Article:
A Monster in Paris, while billed as a kids' film, is enchanting enough to entertain adults as well. Set during the Seine flood of Paris in 1910, the film follows Emile (a shy cameraman) and Raoul (an eccentric deliveryman) as they search for the monster terrorising Paris. They soon discover the “monster” is nothing more than a harmless flea that they have accidentally turned into a human-sized musical sensation named Francoeur. With the aid of Lucille, a local singing star, they try to save Francoeur from Pâté, the chief of police who seeks to destroy the monster for his own gain.
From the beginning it's easy to see that the film is beautiful. The animations and artwork are visually fantastic, if sometimes a bit over-the-top with the character design. The characters themselves are enjoyable and benefit from strong voice acting in the English language dub. The sole exception would have to be Raoul, who strives to be amusing, but now and then comes off as the annoying one-liner guy. Francoeur was a brilliant character, proving to be both cute and scary, and not slightly cuddly. I found myself wishing he could have arrived on screen much sooner than he actually did.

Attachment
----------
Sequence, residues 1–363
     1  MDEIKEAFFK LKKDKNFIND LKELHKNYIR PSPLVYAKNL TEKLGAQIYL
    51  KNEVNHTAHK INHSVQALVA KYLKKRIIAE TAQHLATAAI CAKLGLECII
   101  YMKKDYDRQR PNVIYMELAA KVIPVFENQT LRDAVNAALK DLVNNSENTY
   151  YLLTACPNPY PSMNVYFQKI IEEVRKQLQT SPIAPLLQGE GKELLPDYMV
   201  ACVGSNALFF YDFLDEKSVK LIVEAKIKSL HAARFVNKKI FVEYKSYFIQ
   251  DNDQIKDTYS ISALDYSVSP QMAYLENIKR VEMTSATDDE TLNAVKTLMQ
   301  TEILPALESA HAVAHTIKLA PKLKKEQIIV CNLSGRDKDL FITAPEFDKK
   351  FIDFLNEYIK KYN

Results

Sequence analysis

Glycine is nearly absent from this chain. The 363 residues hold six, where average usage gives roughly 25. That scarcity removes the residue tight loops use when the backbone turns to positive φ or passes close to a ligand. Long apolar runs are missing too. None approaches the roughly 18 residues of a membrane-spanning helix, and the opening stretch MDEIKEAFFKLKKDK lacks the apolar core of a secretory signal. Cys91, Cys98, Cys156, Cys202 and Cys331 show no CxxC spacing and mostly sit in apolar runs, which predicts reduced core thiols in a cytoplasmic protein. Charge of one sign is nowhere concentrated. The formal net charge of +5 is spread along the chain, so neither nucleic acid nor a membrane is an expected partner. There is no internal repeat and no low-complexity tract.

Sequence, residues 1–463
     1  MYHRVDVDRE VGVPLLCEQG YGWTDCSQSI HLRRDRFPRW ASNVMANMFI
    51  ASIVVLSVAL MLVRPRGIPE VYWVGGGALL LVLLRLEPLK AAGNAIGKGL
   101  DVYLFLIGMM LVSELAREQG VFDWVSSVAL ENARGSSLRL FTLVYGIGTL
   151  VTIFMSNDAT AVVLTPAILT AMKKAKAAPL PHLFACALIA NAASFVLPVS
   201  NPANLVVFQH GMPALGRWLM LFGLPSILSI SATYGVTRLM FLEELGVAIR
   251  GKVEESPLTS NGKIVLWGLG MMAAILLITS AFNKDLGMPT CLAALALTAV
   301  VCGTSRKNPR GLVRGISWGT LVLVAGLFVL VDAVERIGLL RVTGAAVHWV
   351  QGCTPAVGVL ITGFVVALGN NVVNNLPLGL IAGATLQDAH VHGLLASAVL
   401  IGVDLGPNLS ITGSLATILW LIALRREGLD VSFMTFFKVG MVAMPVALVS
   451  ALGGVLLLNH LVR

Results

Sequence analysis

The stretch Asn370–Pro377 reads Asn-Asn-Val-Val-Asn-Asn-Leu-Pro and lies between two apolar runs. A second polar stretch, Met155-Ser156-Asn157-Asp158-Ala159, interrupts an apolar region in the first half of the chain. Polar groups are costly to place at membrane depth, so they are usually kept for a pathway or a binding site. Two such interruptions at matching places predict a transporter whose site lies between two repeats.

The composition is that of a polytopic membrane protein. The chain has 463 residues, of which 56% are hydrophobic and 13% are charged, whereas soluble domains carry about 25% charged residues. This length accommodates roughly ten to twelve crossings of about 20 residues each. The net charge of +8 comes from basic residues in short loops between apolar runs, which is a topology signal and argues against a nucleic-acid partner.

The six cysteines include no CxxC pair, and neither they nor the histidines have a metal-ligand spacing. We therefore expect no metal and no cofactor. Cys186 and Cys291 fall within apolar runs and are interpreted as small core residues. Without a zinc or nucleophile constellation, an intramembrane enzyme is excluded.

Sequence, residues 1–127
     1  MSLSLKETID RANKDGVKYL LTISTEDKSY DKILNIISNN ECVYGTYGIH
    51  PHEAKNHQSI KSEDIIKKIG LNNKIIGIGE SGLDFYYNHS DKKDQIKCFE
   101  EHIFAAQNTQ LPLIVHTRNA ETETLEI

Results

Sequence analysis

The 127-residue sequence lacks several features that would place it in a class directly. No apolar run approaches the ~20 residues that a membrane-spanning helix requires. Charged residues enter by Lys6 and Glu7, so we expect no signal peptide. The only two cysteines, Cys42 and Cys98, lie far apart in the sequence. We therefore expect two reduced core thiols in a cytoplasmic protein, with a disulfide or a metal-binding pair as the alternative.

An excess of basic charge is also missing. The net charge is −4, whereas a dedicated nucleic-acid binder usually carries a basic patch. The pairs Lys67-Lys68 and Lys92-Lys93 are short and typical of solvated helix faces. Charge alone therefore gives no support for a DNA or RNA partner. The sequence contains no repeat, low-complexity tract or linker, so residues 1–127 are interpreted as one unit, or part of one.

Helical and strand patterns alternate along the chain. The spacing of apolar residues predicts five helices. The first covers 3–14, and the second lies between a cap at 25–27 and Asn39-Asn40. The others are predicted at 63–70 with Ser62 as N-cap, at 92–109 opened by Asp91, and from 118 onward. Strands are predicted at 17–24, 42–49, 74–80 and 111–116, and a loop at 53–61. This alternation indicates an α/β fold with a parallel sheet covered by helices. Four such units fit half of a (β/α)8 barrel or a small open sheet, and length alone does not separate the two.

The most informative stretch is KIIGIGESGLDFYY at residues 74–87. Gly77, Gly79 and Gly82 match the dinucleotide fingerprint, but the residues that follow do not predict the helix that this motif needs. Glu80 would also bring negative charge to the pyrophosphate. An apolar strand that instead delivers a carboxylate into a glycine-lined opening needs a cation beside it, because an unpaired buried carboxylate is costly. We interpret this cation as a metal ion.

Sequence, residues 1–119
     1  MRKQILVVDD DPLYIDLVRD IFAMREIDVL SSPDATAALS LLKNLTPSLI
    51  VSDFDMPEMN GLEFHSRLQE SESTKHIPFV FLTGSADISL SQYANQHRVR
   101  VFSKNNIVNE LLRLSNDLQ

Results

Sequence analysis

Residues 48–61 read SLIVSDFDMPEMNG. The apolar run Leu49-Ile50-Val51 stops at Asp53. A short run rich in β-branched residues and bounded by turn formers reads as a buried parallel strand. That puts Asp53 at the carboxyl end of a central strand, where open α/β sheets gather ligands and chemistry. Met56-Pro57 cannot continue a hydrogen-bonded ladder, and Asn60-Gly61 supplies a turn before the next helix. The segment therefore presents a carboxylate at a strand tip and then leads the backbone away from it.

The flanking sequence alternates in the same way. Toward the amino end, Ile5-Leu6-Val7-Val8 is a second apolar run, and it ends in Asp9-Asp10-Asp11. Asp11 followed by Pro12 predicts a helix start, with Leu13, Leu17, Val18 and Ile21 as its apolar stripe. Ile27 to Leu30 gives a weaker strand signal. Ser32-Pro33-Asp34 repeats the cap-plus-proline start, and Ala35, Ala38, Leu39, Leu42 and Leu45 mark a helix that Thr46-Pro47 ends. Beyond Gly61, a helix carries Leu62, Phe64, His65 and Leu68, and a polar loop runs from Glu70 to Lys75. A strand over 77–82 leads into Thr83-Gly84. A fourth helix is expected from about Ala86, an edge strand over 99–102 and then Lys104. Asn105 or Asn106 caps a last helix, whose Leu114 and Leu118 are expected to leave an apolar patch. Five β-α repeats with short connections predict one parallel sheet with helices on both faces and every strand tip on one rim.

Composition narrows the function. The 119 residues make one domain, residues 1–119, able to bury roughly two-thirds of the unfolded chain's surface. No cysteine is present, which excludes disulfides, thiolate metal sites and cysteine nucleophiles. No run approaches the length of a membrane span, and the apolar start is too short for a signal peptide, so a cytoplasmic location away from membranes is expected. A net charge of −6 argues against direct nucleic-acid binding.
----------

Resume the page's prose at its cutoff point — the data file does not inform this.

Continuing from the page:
Though parts of the film felt like a pantomime, it still managed to tug at the heartstrings. Not long after Francoeur appeared, we were given a sequence that pulled us back to see the story from Francoeur's eyes. We watched as he transformed, darted across Paris in fear, and finally found himself on Lucille's doorstep. With Francoeur's first song carrying through, it made for an interlude that is one of the most memorable moments of the film.
The absolute highlight here has to be the music. The songs were catchy enough to encourage toe-tapping and humming along. “The Seine” was a particular favourite, and was the best musical number of the film. The only real disappointment was the limited number of songs, and a few more musical sequences with Francoeur and Lucille would have given the film a definite boost and well-deserved extra screen time.
Despite its good points, A Monster in Paris is not without its flaws. It seems to struggle with slow pacing until Francoeur finally comes properly into the story, though it seems to move at a good, steady speed for the remainder of the film. There are some holes in the story logic, such as how a flea can be such a fantastic guitarist within seconds of seeing one for the first time. One of the characters, the monkey Charles, also seemed to be nothing other than blatant comic relief once his initial purpose, supplying the flea, had been served.
However, considering the content and intended audience of the film, these things can probably be overlooked. In my opinion, its strengths greatly outweigh its faults. A Monster in Paris proves to be a refreshing change from the average animated films being produced in recent years.
For more from guest blogger Rae, please check out her website.